We flew out to Ann Arbor to visit our son. Watching the University of Michigan’s basketball team is exciting. Watching them warming up, I decided, is meditative.
Even with rap music in the background, I was mesmerized.
Surrounded by chocolate truffles, clutching a cup of Aztec-spiced hot cocoa, I spoke at Chocolate Lovers Club in Princeton, New Jersey:
What happens when I visit Orchard Beach in the Bronx, in the middle of winter?
Seagulls have taken over the parking lot.
They are excellent meditators. Even a passing car doesn’t distract them.
On a cloudy winter day, I drove up to Garrison, NY, for a chanting workshop with Krishna Das. His kindness, humor, and downright sexy voice turned a drab January day into a sunny vacation:
I’m spending some time on the road lately, speaking about Learning to Breathe. Here I am closer to home, talking to my friends and neighbors at our local library:
My friend Patty (center) introduced me to Geshe Denma (left) and Geshe Drudak (right.)
These humble, wise men encouraged me to continue traveling and speaking about my book. “I’m not a lama!” I protested. “I’m just a lady!” But when I complained about being tired, they taught me the basics of prostration, which energized me a bit.
“The whole world is slowing down,” Geshe Drudak explained, with Geshe Denma translating. “Oil prices are dropping, economies are slowing…It’s fine to slow down sometimes.”
But I’m going to hit the road again soon.
After meditating tonight, I realized how much I’m missing the connection I used to have with my mother. I doubt she would ever remember the stories she used to tell me, like how I called an artichoke dis’ n dat (since we dipped “dis,” the artichoke, into “dat,” the melted butter she’d make.) My mother was from California, and she ate exotic food like artichokes. Now she seems exotic to me, as she moves further and further into a world I cannot understand.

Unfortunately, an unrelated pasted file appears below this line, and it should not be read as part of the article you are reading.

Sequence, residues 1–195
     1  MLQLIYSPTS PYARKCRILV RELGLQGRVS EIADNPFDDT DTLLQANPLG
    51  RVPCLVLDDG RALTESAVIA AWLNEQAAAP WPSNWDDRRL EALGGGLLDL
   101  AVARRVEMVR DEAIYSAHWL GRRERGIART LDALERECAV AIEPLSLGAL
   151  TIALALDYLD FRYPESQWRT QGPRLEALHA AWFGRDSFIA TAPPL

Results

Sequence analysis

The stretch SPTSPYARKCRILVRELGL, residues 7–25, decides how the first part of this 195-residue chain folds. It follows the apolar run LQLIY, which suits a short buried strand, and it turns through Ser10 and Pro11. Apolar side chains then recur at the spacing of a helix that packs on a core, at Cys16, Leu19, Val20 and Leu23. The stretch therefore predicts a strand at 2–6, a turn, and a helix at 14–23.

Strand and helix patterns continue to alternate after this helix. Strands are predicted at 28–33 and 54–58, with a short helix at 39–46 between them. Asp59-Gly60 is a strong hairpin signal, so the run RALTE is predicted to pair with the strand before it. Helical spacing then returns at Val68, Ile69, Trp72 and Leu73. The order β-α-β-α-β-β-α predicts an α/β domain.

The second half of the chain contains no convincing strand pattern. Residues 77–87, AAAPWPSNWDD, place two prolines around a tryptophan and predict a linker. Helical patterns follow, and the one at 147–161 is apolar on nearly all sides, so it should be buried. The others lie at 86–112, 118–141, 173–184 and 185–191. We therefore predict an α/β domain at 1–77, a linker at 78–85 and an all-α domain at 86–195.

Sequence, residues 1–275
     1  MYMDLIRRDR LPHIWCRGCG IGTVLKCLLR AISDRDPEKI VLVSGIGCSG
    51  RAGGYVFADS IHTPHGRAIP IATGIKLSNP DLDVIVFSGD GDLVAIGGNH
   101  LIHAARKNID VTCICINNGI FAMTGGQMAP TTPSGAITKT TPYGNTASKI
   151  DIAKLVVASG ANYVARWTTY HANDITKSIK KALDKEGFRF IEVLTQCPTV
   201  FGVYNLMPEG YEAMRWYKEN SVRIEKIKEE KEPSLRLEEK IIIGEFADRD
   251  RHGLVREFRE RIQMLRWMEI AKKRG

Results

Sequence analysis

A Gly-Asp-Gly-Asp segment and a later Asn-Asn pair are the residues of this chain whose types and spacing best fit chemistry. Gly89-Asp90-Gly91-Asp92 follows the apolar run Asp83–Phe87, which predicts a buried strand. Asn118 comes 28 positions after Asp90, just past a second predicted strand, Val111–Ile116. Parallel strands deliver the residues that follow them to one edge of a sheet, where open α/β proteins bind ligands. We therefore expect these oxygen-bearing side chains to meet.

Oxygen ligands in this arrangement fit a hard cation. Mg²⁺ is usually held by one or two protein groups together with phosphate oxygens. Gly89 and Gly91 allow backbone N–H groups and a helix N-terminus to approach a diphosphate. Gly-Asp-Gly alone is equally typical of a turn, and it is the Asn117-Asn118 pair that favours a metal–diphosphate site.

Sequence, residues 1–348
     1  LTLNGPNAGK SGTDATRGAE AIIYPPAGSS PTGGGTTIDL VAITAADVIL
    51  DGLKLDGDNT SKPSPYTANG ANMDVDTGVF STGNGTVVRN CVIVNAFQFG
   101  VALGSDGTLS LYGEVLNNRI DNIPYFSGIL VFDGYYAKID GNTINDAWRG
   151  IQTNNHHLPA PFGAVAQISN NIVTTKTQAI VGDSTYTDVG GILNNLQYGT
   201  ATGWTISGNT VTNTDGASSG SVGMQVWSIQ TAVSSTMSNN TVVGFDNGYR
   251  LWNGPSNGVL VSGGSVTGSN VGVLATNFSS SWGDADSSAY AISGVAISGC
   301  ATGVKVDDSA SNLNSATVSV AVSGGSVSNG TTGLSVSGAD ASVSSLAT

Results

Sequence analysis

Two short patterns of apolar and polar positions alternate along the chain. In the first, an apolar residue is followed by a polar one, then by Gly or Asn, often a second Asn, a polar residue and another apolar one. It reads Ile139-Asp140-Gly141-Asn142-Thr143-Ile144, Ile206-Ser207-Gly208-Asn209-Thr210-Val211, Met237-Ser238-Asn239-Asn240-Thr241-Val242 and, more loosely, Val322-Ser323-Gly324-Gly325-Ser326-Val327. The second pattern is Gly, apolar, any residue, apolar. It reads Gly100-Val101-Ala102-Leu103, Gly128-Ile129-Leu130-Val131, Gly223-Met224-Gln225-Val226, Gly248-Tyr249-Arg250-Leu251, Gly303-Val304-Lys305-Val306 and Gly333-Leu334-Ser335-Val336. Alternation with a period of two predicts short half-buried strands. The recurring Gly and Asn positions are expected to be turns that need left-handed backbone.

While searching for a photo, I was shocked to see how much my mother, 24 in this picture, looks like my son Jack, who’s 21. I’d never noticed that before. Apparently there is still much I can learn about my mother, who was a mystery to me all her life.
The day after I attended Oscar’s funeral, I took a walk along Long Island Sound and photographed three rafts floating through a misty fog. When I uploaded them onto my computer, I discovered an elegant egret in the lower righthand corner.
My husband’s 94 year old Uncle Oscar died. He was kind, sweet, wise, gentle and upbeat. I wish Peggy, Nancy, Adam, Bob, Sondra, and everyone who misses him love:
After Thanksgiving, I began to imagine what other holiday dinners I might put together in the future, with people long gone and still here. And then I wrote about them for Huffington Post: Guess Who’s Coming to Holiday Dinners?
My book tour took me to Buffalo, New York.
My train took me along the Hudson for three heavenly hours:
Meghan Davidson’s beautiful blog post on gratitude inspired me to take a walk around my neighborhood. When you move slowly, with your eyes open, you can actually see leaves drifting off trees, falling to the ground. It’s amazing what you can see when you stand still.
I had the pleasure of speaking at Tibet House in New York City, where I discovered the magical sand paintings of Joe Mangrum:
Whenever I’m in Rhode Island, I feel conflicted between my past and my present, my mother and my father, sadness and joy.
And every time I visit my father’s grave, I leave a stone behind, on his tombstone, so that he knows I’ve been there.